Asked by a reporter if this can be seen as the war possibly coming to an end, Mr Biden replied: “We’ll see. I don't read anything into it until I see what their actions are. We'll see if they follow through on what they're suggesting.”
In the meantime, the US is going to keep strong with sanctions and provide Ukraine with military capacity to defend themselves, while keeping a “close eye” on developments.
Beyond Ukraine, the leaders also spoke on the security challenges in other parts of the world.
Both leaders expressed “deep concerns” about the situation in Myanmar and the challenges it poses to regional stability.
On that, Singapore and the United States agree that the military regime must urgently implement the ASEAN Five-Point Consensus and return Burma to its path to democratic transition, said Mr Biden during the press conference.
They also urged North Korea to “refrain from further provocations” and return to negotiations over its weapons programs.
Mr Biden said that he was looking forward to hosting the leaders of the Association of Southeast Asian Nations (ASEAN) in Washington for a special summit later in the year. An ASEAN summit planned for this week was postponed because of scheduling issues.
Mr Lee welcomed the announcement and described it as “a strong affirmation of American commitment to Southeast Asia and to ASEAN centrality”.
Turning to the importance of the US growing both its strategic and economic stakes in the Asia-Pacific, the Prime Minister said it is “important to advance a positive economic agenda that is open, inclusive, updated, and flexible”.
He therefore welcomes America’s plans for an Indo-Pacific Economic Framework, which will strengthen the US’s engagement in the evolving regional economic architecture.
Mr Lee had previously advocated the benefits for the US to develop a bipartisan consensus on US-Asian relations. Asked by CNA’s Dawn Tan for an evaluation of that under the new administration, Mr Lee said there is consensus on “a very broad level”.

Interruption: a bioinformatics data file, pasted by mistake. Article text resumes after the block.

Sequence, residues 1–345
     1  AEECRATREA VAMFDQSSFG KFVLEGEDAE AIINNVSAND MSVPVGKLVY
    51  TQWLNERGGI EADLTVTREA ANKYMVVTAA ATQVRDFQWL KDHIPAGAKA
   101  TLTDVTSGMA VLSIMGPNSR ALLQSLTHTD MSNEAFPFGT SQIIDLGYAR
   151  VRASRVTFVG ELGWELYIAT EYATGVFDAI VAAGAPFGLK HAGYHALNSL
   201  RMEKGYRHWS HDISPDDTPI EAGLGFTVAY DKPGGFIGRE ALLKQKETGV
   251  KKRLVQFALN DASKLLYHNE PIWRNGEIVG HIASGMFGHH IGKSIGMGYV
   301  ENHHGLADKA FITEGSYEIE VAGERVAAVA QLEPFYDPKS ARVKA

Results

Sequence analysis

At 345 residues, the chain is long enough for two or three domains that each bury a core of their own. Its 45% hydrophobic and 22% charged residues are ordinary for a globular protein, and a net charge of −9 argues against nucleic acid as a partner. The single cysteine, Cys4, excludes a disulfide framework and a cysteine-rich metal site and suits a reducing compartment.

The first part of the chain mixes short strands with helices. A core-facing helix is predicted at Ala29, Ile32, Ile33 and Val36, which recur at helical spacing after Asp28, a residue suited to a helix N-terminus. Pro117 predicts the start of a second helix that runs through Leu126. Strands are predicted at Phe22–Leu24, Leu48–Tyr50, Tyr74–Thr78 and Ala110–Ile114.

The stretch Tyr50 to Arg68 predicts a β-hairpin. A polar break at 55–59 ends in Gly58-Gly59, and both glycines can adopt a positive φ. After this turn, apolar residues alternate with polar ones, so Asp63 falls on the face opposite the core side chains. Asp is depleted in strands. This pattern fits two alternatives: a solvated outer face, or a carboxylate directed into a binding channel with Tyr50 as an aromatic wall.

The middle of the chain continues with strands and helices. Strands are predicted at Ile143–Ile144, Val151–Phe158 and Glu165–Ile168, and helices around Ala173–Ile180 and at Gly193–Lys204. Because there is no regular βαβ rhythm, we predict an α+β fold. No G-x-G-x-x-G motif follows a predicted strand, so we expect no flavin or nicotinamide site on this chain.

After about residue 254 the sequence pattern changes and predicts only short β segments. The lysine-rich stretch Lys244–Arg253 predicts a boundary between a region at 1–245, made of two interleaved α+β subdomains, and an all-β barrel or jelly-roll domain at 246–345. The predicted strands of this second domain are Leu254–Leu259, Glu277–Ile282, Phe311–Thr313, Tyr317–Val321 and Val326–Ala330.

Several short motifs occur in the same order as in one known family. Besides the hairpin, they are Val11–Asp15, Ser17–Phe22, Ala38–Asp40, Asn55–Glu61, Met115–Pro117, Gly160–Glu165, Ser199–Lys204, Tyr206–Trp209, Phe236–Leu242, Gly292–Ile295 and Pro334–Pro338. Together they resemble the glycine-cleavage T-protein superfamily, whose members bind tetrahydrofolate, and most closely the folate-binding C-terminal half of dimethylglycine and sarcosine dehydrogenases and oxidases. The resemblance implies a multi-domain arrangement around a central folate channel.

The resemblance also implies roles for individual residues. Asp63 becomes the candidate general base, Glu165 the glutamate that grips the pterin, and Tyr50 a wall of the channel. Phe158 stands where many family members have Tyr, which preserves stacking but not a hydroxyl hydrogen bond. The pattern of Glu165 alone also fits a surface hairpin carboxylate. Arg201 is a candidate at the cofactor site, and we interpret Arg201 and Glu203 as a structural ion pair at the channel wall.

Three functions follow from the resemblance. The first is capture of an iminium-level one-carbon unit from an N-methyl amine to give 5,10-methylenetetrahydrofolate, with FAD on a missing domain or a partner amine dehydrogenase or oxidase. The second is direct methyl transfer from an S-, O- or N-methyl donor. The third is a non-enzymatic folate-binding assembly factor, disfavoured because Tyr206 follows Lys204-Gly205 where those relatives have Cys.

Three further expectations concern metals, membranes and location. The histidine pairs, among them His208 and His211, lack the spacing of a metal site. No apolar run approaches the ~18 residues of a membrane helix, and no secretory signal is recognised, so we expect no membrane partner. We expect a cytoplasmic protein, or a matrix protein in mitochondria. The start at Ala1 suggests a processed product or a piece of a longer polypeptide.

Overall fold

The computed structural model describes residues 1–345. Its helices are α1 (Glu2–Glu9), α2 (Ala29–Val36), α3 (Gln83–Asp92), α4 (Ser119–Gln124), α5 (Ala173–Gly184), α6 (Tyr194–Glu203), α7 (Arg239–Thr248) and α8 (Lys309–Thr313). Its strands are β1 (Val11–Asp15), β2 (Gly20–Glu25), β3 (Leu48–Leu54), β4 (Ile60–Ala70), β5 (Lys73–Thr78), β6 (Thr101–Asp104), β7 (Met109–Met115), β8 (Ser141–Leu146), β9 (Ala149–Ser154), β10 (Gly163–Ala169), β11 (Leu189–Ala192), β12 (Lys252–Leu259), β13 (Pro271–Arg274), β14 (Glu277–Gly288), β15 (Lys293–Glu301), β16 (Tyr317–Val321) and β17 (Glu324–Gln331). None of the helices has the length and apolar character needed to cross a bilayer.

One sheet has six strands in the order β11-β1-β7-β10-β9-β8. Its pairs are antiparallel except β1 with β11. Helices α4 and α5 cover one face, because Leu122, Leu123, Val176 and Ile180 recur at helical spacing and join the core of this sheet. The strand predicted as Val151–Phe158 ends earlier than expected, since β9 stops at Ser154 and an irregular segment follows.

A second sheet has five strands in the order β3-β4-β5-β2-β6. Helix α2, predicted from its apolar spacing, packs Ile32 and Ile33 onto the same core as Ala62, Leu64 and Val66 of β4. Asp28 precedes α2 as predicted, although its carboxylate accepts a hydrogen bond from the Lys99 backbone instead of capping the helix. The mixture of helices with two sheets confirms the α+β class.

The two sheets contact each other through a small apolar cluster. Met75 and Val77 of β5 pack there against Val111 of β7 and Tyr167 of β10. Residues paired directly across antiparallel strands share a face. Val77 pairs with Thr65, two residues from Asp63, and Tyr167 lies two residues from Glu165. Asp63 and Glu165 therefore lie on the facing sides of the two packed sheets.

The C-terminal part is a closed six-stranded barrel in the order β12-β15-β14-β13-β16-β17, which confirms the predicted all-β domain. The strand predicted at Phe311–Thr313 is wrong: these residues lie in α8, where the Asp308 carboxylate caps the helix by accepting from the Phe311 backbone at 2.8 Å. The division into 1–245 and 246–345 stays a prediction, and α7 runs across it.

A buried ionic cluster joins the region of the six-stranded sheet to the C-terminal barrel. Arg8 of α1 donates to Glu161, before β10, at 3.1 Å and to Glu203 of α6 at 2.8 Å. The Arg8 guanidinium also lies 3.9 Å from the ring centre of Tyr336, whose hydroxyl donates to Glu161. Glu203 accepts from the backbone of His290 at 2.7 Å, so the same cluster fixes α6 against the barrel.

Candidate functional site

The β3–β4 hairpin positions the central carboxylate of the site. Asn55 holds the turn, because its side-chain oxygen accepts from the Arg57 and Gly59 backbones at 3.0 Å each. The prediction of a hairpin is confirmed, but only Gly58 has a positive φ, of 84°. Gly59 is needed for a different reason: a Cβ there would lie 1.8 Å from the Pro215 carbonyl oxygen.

“That they want to engage China, that they are trying to develop a stable, predictable relationship with China, and at the same time, engaging other countries in the region, not just on strategic and security issues, but also on economic cooperation, trade and other investment and environmental sustainability links,” he said.
"So at a very broad level, I think the consensus is there. At the level of specific policies, each administration launches new initiatives.
“I am quite convinced, having seen several administrations, that this one is completely focused on achieving something lasting in Asia, and we in Singapore (will) do our best to help to make sure that their proposal work and will take root and will continue to grow for many years to come,” he added.
Both leaders also reaffirmed the “robust, enduring and multi-faceted” partnership between both countries and welcomed new areas of cooperation.
The latter includes Singapore’s signing of the Artemis Accords, the renewal and expansion of an agreement on infrastructure development, and the establishment of the United States-Singapore Cyber Dialogue.
“Today’s challenges all demand closer cooperation between us. For many decades the United States and Singapore have worked together to overcome the challenges of the day, and we will continue to do so, with determination and resolve,” the joint statement said.